‘13 Hours’ rattles, ‘Benefactor’ provokes and ‘Lamb’ challenges

Among the new movies that were released Friday, Jan. 15 are an actioner from director Michael Bay, a character study starring Richard Gere and a drama that features a potentially controversial relationship.


‘13 Hours: The Secret Soldiers of Benghazi’

13 HoursJohn Krasinski plays one of six elite ex-military operators employed by the CIA who fight back against overwhelming odds during an attack at a U.S. compound in Benghazi, Libya. (R – 144 minutes)

“13 Hours: The Secret Soldiers of Benghazi” is relentless in its intensity, serving as one great, big grenade launcher for your senses. Having been directed by Michael Bay, you should not be surprised that the new actioner has its fair share of explosions to keep you on the edge of your seat for the duration of the roller-coaster ride. But its best attribute is the infectious anxiety that it depicts, leaving viewers genuinely rattled. The first act could have been radically condensed as it is rather generic and makes the movie unnecessarily long while the rest is remarkably riveting. (4 Stars)

 


‘The Benefactor’

BenefactorDakota Fanning and Theo James plays a newly married couple that is forced to navigate the all-consuming interest of a powerful, mysterious, and possessive philanthropist (Richard Gere). (NR – 92 minutes)

At best, “The Benefactor” is a showcase for star Richard Gere’s acting abilities. He gives a commanding performance that cuts straight through to the message about self-serving philanthropy that writer/director Andrew Renzi is attempting to relay via debut drama. However, the story itself is too slowly paced and pretty predictable in its path to our flawed protagonist’s discovering the err of his ways. Without Gere’s convincing transitions between charming and contentious, there would be little in the film worth watching. As is, though, the movie makes for a thought-provoking character study and another reason to declare Gere as a truly talented actor. (3 Stars)


‘Lamb’

LambRoss Partridge plays a man who meets a young girl (Oona Laurence) in a parking lot and attempts to help her avoid a bleak destiny by initiating her into the beauty of the outside world. The journey shakes them in ways neither expects. (NR – 96 minutes)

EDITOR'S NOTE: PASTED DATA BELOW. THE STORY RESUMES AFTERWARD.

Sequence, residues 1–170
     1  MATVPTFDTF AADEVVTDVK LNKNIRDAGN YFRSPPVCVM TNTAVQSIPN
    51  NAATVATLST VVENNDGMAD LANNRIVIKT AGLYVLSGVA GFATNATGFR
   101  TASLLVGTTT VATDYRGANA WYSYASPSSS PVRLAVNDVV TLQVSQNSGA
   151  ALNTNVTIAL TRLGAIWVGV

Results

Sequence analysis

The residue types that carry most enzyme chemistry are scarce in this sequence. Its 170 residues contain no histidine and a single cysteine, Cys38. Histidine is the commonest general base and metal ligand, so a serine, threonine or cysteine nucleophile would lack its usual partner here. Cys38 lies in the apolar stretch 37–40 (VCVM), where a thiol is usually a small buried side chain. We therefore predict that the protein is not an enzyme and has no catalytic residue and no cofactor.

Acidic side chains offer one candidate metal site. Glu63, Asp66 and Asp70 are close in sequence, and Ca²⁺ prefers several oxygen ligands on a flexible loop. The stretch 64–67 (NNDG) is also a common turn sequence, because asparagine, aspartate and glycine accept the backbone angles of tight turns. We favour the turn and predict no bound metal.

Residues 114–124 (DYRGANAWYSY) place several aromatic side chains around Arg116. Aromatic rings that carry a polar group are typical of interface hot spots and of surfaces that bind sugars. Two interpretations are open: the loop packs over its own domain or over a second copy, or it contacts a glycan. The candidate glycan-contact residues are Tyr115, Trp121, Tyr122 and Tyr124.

“Lamb” is a movie that may say as much about the viewer as it does about its own subject matter. The new drama challenges its audiences to remain open-minded and leave any preconceived notions at the theater door. Those unable to do so will be appalled; but they will also miss out on writer/director/star Ross Partridge’s beautifully poetic message about looking outside of ourselves to understand one another. It is a message that encourages compassion and more enlightened beliefs about relationships. In addition to that, the film also features finely attuned performances from Partridge and his young co-star Oona Laurence. (4 Stars)


‘Moonwalkers’

MoonwalkersRon Perlman plays an unstable CIA agent who, after failing to locate the legendary Stanley Kubrick, must instead team up with a seedy rock band manager (Rupert Grint) to develop the biggest con of all time – staging the moon landing. (R – 107 minutes)

“Moonwalkers” takes a silly premise and flails it around like a ragdoll until it is no longer amusing and only annoying. The new comedy has all of the signs of a first-time director trying to find his voice, frustrating viewers with various tonal shifts and no singular identity or vision. The end-result is rather dizzying – especially its dream-like sequences that feel more like a bad acid trip than productive entertainment. Worst of all, though, the flick falls victim to its own absurdity, posing more nonsensical scenarios than even a more accomplished filmmaker would know how to conclude. (2 Stars)

Joseph J. Airdo

Joseph J. Airdo is a film critic, producer and on-air personality for Breakthrough Entertainment, a talk radio show airing 10-11 a.m. Saturdays on KPHX 1480 AM and BreakRadioShow.com that shines a spotlight on the practical perspectives of the topics and themes explored in movies. He has a pet duck named Frozen who is as opinionated about movies as he is. E-mail him at joseph.airdo@gmail.com.

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